The Poorest Louisianans Still Struggle Post-Hurricane Ida, but Neighborly Support Is Helping Them Bounce Back

Many in parishes directly along the path of Hurricane Ida say they have not seen the same level of aid as big cities like New Orleans, which demonstrates to them that support and media attention don’t favor the rural poor in the wake of climate disaster.

On the 16th anniversary of Hurricane Katrina, Louisiana and much of the United States bore witness to the wrath of Hurricane Ida – a storm just shy of a Category 5 with maximum sustained winds of 150 mph.

Making landfall in Port Fourchon, La., located on the southernmost tip of Lafourche Parish and about two hours away from New Orleans, Hurricane Ida tore off roofs, turned streets into canals and left major cities without power for days.

Hundreds of thousands were either delivered mandatory or voluntary evacuation notices, and many were ordered not to return for several days due to severely damaged roads, widespread power outages and unsafe homes.

“No one fled this killer storm because they were looking for a vacation or a road trip … they felt they had to flee the risk of death,” President Joe Biden said during his visit to LaPlace in the aftermath.

The storm continued to head northeast into states like New York, New Jersey, Connecticut and Pennsylvania, which saw record-breaking rainfall and flooding, leading to dozens of people found dead after they had been trapped in flooded basements.

The estimated economic damages of Hurricane Ida is estimated to be around $95 billion, according to forecasting company Accuweather, making it the seventh costliest hurricane to hit the U.S. since 2000, according to CNBC.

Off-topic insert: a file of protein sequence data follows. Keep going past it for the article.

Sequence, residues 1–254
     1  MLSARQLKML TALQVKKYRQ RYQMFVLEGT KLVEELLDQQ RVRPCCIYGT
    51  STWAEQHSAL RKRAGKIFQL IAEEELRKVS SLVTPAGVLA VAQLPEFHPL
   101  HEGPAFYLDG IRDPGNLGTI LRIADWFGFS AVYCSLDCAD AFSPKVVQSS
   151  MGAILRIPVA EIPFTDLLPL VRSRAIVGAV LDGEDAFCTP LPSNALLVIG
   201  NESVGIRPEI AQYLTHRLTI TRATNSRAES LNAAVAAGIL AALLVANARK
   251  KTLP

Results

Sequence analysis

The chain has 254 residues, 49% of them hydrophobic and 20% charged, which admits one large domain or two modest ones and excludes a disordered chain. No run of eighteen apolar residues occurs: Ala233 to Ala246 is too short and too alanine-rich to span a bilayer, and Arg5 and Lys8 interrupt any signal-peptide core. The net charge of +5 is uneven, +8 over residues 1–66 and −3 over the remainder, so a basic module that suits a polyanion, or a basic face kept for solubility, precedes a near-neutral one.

But as major cities like New Orleans bounced back quickly, with most electricity having returned about a week-and-a-half after the hurricane’s touchdown, residents of more rural areas that found themselves at the eye of the storm or where the hurricane made landfall continue to be in the dark and fending for themselves, nearly four weeks later.

“It is absolute survival mode down here,” Houma-native Georgia Malbrough told Inside Edition Digital.

Malbrough is a mother of three young children who, like most families in Houma, has lived in the community for several generations. “There’s very deep, deep rooted families here and honestly that’s the only reason half of these families made it out alive.”

As of Friday, more than 1,300 customers are seeing power outages in Terrebonne County, which has a population of around 111,000 and is where Houma is located, according to data shared by Entergy, the company that supplies energy to most of Louisiana.

Malbrough, who is staying with her mom closer to the city center of Houma, where they have power, explained that the main power outages are being experienced in the Lower Bayou, a more rural and remote area where she and the majority of people actually live.

“We've pretty much just been in darkness, and all you can really hear is generators running all night long,” she explained. “A lot of people have actually been looting and walking around in houses right after the storm because they couldn't get the bare necessities that they needed.”

A hurricane-damaged home with a sign warning off looters. - Georgia Malbrough

Just next door to Houma is LaFourche Parish, which encompasses cities like Galliano and Port Fourchon, where the hurricane made its initial impact. Housing a population of about 100,000, more than 4,000 are seeing power outages – a significant upgrade from the 15,700 customers in the dark just earlier this week.